Wyred 4 Sound mPRE Stereo Preamp/DAC Reviewed

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Wyred 4 Sound mPRE Stereo Preamp/DAC Reviewed

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pre_amp.jpgBack in January, I reviewed Wyred 4 Sound's excellent mAMP. To form a complete system, power amplifiers like the mAMP need to be tethered to a preamp. Enter the companion model, Wyred 4 Sound's mPRE stereo preamp, which not only shares a similar price ($1,099) as the monoblock mAMP ($999) but is even housed in a similarly sized and shaped metal chassis.

Given the high level of performance of the mAMPs, I had high hopes for the mPRE. Except for some problems at the beginning of the review (which were solved by Wyred 4 Sound's fast-reacting R&D department), the mPRE by and large lived up to the promise of the mAMPs. For audiophiles who want top-tier sound and solid build quality at real-world prices, the mPRE and mAMP deliver a made-in-the-U.S. solution that's easy to live with.

A preamp has three primary functions: to adjust the volume level via a volume control, to select the source via a source-selection switch, and to send the signal to your power amplifier. The mPRE offers more than a bare-bones preamp function by including a digital-to-analog converter (DAC). The mPRE accepts up to a 192/24 sample/bit rate on all of its digital inputs: S/PDIF, Toslink (if supported by your computer), and USB. Along with its three digital inputs, the mPRE provides three analog inputs: one balanced XLR and two single-ended RCA. One stereo RCA input can be converted to a stereo pass- through via a rear-mounted push-button selector switch.

The mPRE has three pairs of analog outputs: one balanced XLR, one independently buffered single-ended RCA output that runs in parallel with the XLR outputs (its volume level changes along with the balanced XLR), and the last pair of analog outputs can be used as either a variable or fixed-level output selected via a second, small push-button on the back of the mPRE.

Inside the mPRE, you'll find a fully balanced analog circuit from input to output (for the balanced XLR input; single-ended inputs are changed to a balanced signal by the mPRE). The analog volume control is very similar in layout and design to the one created for Wyred 4 Sound's flagship analog preamp, the STP-SE, featuring completely separate right- and left-channel topology even at the power supplies. With over 80 FETs in a parallel scheme, the mPRE's dual-mono, dual-differential design was created to rival the best preamps regardless of price or design layout.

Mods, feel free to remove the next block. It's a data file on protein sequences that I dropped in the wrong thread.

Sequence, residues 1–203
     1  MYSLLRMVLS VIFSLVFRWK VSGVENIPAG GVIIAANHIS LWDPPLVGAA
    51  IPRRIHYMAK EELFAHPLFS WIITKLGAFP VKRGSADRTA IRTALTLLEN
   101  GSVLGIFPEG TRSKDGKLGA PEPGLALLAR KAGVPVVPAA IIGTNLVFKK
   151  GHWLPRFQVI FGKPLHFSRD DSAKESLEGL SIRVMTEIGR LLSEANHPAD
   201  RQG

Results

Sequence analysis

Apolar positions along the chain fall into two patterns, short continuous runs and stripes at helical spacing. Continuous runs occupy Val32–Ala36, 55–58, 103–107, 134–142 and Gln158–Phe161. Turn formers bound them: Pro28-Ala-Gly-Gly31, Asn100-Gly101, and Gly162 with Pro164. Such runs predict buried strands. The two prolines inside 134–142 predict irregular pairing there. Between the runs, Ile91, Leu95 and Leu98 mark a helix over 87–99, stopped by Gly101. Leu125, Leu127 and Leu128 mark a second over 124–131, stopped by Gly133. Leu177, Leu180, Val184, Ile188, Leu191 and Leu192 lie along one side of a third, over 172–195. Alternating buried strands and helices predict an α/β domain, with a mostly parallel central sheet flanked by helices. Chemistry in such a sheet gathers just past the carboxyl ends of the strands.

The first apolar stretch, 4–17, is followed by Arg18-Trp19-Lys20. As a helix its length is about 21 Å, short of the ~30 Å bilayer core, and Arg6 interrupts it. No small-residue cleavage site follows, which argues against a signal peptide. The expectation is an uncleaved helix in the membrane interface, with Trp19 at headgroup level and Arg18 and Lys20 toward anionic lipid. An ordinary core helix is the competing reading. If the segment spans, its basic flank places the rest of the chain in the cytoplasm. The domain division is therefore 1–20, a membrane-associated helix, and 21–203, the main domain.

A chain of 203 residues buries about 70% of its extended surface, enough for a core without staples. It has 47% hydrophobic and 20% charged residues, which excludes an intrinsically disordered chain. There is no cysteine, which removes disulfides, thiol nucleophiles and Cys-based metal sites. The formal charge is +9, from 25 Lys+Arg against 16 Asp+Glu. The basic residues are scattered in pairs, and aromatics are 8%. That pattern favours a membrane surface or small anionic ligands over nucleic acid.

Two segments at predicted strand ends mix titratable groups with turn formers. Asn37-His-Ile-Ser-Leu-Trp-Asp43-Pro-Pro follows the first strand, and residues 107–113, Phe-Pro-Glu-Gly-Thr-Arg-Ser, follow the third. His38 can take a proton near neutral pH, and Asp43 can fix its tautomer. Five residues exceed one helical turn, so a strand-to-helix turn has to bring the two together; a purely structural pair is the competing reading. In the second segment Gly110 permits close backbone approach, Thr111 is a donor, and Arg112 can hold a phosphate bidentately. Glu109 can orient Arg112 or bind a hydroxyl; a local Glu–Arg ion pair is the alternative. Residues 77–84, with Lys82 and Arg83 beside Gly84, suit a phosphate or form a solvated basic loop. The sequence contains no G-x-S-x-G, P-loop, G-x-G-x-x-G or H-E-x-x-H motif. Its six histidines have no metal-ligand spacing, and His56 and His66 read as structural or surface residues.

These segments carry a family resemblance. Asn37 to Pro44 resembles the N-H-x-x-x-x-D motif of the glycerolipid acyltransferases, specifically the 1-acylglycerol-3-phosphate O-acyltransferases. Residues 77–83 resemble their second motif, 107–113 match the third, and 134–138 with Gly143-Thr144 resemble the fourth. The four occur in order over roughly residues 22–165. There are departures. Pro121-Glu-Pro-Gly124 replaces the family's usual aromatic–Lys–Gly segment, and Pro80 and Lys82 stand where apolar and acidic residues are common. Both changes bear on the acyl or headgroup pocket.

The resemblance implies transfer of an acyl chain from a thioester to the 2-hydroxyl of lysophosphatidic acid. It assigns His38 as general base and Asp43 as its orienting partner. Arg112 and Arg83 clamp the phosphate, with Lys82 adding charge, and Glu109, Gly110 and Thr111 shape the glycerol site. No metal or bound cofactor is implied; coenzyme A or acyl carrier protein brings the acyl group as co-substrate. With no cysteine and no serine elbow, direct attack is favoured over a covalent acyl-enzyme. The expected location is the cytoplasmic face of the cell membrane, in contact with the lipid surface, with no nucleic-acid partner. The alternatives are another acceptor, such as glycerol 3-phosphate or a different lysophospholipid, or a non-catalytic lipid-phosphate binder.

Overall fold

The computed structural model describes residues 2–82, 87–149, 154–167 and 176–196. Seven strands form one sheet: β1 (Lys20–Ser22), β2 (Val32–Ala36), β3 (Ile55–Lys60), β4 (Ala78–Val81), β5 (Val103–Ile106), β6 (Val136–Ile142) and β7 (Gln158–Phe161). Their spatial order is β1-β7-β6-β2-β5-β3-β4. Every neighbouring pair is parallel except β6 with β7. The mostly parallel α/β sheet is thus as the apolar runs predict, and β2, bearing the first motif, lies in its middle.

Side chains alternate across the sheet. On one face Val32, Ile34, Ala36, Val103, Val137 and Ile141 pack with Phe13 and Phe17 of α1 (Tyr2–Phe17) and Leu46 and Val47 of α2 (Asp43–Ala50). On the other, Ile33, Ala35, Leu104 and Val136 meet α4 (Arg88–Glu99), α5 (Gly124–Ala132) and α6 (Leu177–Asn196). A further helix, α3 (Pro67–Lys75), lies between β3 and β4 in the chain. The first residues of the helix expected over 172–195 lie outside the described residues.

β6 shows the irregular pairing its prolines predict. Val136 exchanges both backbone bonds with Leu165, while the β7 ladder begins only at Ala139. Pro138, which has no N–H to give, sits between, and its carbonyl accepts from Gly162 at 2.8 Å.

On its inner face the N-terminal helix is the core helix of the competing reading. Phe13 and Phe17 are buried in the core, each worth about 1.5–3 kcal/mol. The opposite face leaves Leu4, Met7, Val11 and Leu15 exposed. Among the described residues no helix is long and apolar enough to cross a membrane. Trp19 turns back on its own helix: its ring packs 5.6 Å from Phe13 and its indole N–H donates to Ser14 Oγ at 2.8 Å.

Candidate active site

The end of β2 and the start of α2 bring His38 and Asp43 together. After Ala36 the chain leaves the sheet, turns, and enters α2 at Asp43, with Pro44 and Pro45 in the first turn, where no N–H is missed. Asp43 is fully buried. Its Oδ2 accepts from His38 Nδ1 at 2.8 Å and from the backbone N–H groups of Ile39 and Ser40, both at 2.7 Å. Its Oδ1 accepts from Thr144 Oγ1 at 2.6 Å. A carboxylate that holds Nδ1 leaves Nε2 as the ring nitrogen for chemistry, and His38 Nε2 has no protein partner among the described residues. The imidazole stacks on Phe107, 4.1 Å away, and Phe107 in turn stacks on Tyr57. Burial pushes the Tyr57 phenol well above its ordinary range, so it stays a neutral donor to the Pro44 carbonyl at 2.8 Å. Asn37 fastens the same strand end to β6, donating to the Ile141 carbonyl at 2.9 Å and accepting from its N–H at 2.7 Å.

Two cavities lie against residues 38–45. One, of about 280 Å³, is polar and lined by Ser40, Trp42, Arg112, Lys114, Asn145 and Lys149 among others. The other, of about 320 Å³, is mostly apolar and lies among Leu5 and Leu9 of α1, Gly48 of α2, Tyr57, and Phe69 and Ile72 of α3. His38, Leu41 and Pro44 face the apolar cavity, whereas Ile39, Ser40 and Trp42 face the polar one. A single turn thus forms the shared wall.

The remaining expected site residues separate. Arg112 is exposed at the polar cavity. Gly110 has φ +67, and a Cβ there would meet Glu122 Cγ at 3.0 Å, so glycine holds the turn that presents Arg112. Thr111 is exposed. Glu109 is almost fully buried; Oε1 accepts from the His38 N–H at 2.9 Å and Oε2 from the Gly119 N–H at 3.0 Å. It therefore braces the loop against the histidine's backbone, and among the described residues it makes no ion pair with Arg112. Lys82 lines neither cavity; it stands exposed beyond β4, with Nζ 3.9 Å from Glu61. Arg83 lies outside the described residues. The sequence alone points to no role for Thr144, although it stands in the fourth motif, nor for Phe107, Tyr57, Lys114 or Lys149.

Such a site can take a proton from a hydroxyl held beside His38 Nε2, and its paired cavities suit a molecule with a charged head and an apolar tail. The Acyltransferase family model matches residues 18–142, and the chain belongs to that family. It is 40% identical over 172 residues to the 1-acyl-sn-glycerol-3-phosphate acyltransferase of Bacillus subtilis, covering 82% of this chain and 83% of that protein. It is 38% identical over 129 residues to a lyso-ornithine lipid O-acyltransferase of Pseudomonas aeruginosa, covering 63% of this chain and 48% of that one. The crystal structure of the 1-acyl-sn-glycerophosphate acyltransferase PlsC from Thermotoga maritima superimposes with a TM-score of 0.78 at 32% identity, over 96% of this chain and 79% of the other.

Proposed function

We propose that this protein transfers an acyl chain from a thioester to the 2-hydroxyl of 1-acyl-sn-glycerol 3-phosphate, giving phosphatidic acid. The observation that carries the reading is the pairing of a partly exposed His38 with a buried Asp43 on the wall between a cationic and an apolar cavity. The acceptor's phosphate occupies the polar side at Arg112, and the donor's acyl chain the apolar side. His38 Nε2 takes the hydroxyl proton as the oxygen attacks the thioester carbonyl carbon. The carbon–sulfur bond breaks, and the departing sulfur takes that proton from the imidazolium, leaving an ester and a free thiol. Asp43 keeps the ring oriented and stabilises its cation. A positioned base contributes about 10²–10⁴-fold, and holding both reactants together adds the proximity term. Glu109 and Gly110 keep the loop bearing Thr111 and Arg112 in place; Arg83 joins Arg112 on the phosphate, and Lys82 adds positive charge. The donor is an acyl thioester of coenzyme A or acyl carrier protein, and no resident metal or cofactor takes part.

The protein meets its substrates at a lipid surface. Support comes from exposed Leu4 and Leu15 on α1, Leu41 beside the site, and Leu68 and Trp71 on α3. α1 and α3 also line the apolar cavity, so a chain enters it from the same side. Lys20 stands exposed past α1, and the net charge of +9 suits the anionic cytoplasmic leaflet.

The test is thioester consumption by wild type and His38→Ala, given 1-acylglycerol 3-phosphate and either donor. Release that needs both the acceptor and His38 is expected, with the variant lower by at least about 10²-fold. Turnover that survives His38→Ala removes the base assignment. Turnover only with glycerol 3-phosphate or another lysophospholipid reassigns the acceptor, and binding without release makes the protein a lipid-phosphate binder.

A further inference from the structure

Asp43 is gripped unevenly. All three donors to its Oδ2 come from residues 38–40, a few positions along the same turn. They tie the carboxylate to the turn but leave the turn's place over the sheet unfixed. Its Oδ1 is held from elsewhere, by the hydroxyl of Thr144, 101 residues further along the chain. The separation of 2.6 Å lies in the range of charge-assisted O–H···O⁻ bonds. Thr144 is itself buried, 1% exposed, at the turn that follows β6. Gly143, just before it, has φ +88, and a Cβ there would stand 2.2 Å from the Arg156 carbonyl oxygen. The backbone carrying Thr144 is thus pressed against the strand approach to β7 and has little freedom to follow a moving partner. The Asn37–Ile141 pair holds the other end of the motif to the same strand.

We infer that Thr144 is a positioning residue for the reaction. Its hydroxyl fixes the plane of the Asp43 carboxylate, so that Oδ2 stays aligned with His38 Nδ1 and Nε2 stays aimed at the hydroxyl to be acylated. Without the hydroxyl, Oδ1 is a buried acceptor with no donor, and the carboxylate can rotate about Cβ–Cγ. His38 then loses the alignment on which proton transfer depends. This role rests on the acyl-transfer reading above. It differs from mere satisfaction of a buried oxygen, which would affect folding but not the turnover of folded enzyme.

The mPRE's digital section is based around the 9023 ESS Sabre DAC. This DAC chip is combined with an XMOS asynchronous class 2.0 USB interface to deliver driverless connection for the MAC, but requires a supplied dedicated driver for Windows PCs.

W41.jpgThe 0.75-inch-thick aluminum front panel of the mPRE is simple and businesslike, with a centrally positioned master volume switch flanked by three input buttons on each side. Underneath the volume control is the window for the remote sensor, and on the lower left corner of the front panel is the mPRE's 0.25-inch stereo headphone output. The back panel contains all six inputs, three outputs, a 12-volt trigger input and output, the AC receptacle, and the main power switch.

During day-to-day use, I found the mPRE's simple mini-wand remote control to be very handy. Although it includes only an on/off button, up/down input buttons, up/down volume buttons, and a mute button, the remote supplied all the functions I needed. Although some stepper-motor volume controls I've used in the past have been either too slow to respond or hypersensitive, the mPRE's volume was just the right balance of a fast response time without excessive or overly rapid volume boosts.

I mentioned the two push buttons on the back earlier in the review. Although I appreciate the flexibility that the two switches provide - permitting a home theater bypass and variable/fixed level for the third analog output - the buttons themselves are somewhat problematic. They are simply too easy to push while attaching and removing cables from the back of the fully populated rear panel. I would prefer a sideways-moving switch rather than a push button because it would be harder to accidentally push.

I heard three different mPREs during the course of the review. The reason for the multiplicity of review samples wasn't due to any operational failures, but because of a potential problem with the mPRE's headphone output. The first unit I received had noticeable noise when mated with higher-sensitivity, low-impedance in-ear monitors. Wyred 4 Sound sent me a second sample to determine if it was an individual or universal issue. After I found the second unit had the identical noise level with certain headphones, Wyred 4 Sound went back and re-adjusted the headphone output circuit to reduce the noise level when using high-sensitivity headphones. A couple of weeks later, the third and final review sample arrived. The latest version still has a slight amount of low-level noise (principally low-level 120Hz hum coupled with a slight buzz) with my custom Westone ES-5 in-ears, but it is dead-silent with every other headphone I tried.

Click over to Page 2 for the Performance, High points and Low points and Competition and Comparisons, and the Conclusion . . . 

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